House Select Committee must not give the Republican Party a free pass
In six presentations in June, the House Select Committee on Jan. 6 made a clear, compelling, and convincing case that Donald Trump: 1) continued to claim he won the 2020 presidential election after members of his administration, including then-Attorney General Bill Barr, repeatedly informed him there was no evidence of widespread fraud; 2) told Vice President Mike Pence to use powers he did not have under the U.S. Constitution to reject Electoral College results and ridiculed him when he refused to do so; 3) pressured legislators in battleground states to overturn already certified election returns; 4) instructed Department of Justice officials to send official communications to battleground states stating they were investigating credible claims of election fraud and planned to fire them when they refused; 5) badgered state election officials to find the votes he needed to win; 6) falsely accused local election workers of tampering with ballots, exposing them to death threats; 7) endorsed a scheme to send fake Electoral College slates to the National Archives, Congress, and Vice President Pence; 8) ordered security precautions for his rally at the Ellipse lifted after officials discovered that members of the crowd had weapons and body armor because ‘no one intended to harm him;’ and 9) after exhorting his supporters to “fight like hell,” did nothing to stop the insurrection, despite pleas from members of his family, ardent supporters in Congress and the media, when the mob broke into the Capitol to “Stop the Steal” and “hang Mike Pence.”
The revelations of the Select Committee, whose conduct 60 percent of Americans believe has been fair and impartial, are likely to increase Americans’ growing disillusionment with Trump. As the hearings began, 55 percent of Americans did not want him to run again; 58 percent of Republicans support their party more than the former president. Only 26 percent of these party-first Republicans would definitely or probably vote for Trump if he ran again. In mid-June, 79 percent of Americans (including almost half of Republicans) agreed that Trump was involved in a wide-ranging effort to overturn the election.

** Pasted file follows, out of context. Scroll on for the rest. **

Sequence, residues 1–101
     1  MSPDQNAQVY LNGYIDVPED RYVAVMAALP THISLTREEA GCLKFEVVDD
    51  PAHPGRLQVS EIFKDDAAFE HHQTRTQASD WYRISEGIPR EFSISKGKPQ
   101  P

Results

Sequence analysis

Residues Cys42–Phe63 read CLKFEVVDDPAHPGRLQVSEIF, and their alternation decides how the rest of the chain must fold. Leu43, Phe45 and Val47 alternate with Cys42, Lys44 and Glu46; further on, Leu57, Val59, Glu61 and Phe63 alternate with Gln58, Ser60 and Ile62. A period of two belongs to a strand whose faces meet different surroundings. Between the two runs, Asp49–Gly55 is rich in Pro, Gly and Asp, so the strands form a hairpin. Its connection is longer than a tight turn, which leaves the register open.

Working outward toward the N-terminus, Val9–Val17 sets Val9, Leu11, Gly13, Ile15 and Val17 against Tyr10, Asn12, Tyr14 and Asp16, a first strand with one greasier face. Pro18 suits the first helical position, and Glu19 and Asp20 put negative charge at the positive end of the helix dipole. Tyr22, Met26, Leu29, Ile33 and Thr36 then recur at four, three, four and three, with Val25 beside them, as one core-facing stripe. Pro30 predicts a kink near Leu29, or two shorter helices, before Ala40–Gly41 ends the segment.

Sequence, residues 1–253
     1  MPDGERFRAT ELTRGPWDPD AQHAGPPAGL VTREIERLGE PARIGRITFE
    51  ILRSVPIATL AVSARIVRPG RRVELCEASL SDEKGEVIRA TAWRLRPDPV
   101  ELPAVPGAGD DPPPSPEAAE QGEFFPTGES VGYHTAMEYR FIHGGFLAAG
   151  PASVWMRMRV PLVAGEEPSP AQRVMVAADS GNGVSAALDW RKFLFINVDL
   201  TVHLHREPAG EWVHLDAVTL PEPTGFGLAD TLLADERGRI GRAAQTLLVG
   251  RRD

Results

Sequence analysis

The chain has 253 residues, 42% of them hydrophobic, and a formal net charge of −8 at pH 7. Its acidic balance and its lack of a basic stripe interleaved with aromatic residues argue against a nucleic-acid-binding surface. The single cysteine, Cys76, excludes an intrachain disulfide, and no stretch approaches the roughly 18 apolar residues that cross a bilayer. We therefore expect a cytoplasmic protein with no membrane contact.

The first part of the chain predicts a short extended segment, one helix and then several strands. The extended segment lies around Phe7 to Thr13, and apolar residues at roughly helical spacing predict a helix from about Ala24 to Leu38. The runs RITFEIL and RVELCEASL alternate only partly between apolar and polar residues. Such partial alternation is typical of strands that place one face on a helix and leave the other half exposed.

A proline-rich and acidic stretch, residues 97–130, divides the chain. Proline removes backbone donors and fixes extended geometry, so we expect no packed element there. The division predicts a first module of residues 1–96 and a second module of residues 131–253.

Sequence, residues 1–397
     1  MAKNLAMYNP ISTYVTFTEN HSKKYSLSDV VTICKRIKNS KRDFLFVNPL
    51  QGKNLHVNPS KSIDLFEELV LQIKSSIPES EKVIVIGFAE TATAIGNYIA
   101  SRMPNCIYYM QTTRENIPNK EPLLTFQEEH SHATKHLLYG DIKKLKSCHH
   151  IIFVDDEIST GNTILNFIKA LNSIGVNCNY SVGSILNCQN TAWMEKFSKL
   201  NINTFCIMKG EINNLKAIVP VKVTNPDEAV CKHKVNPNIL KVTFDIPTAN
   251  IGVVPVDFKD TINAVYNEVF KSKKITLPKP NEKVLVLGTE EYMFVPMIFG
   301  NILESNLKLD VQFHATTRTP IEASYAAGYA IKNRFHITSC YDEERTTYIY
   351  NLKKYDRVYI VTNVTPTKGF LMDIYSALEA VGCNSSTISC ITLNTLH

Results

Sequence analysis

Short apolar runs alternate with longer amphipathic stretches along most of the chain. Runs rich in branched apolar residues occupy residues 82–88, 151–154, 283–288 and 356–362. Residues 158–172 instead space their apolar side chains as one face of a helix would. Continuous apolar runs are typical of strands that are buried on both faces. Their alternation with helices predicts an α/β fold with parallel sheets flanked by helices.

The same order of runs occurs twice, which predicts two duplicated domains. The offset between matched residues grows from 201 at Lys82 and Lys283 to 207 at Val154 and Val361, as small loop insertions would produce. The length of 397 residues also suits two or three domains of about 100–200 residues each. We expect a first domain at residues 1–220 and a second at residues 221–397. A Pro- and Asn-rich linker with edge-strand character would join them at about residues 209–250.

Nonetheless, if the Committee continues to focus, almost exclusively, on Trump’s immoral, unconstitutional, and probably illegal attempts to hold on to power, it will do the GOP a favor. In effect, the Committee will give voters a free pass to vote for Republican candidates who are not out-and-out election deniers in 2022 and 2024.
Consider the praise Committee Chairman Bennie Thompson (D-Miss.) has heaped on Vice President Pence: “He resisted the pressure. He knew it was illegal. We are fortunate for Mike Pence’s courage on Jan. 6. Our democracy came dangerously close to catastrophe. That courage put him in tremendous danger.”
Thompson did not mention that in November and December 2020 Pence didn’t concede, or even acknowledge that Joe Biden had won the election. Pence did not declare in public that he had no constitutional authority to refuse to certify Electoral College tallies. To this day, he has not said that allegations of fraud are groundless.